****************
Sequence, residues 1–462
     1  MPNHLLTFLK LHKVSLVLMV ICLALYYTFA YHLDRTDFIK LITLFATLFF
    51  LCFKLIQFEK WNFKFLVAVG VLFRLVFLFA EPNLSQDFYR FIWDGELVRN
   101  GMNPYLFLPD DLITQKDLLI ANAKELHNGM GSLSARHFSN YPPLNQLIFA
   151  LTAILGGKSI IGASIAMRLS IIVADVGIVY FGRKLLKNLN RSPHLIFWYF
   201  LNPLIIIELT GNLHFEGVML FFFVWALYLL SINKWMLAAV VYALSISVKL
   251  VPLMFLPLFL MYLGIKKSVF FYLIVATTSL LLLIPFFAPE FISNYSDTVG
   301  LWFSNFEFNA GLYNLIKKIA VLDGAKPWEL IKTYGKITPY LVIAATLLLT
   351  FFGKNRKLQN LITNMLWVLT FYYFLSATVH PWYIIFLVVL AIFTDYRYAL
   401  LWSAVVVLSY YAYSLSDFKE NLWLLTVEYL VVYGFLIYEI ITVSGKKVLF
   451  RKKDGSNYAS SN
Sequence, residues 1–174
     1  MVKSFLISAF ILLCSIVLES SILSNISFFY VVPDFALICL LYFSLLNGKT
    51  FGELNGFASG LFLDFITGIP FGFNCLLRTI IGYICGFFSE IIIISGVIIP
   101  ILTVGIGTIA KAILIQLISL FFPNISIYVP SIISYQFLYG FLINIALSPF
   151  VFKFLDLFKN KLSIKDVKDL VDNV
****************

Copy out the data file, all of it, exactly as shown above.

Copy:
Sequence, residues 1–462
     1  MPNHLLTFLK LHKVSLVLMV ICLALYYTFA YHLDRTDFIK LITLFATLFF
    51  LCFKLIQFEK WNFKFLVAVG VLFRLVFLFA EPNLSQDFYR FIWDGELVRN
   101  GMNPYLFLPD DLITQKDLLI ANAKELHNGM GSLSARHFSN YPPLNQLIFA
   151  LTAILGGKSI IGASIAMRLS IIVADVGIVY FGRKLLKNLN RSPHLIFWYF
   201  LNPLIIIELT GNLHFEGVML FFFVWALYLL SINKWMLAAV VYALSISVKL
   251  VPLMFLPLFL MYLGIKKSVF FYLIVATTSL LLLIPFFAPE FISNYSDTVG
   301  LWFSNFEFNA GLYNLIKKIA VLDGAKPWEL IKTYGKITPY LVIAATLLLT
   351  FFGKNRKLQN LITNMLWVLT FYYFLSATVH PWYIIFLVVL AIFTDYRYAL
   401  LWSAVVVLSY YAYSLSDFKE NLWLLTVEYL VVYGFLIYEI ITVSGKKVLF
   451  RKKDGSNYAS SN
Sequence, residues 1–174
     1  MVKSFLISAF ILLCSIVLES SILSNISFFY VVPDFALICL LYFSLLNGKT
    51  FGELNGFASG LFLDFITGIP FGFNCLLRTI IGYICGFFSE IIIISGVIIP
   101  ILTVGIGTIA KAILIQLISL FFPNISIYVP SIISYQFLYG FLINIALSPF
   151  VFKFLDLFKN KLSIKDVKDL VDNV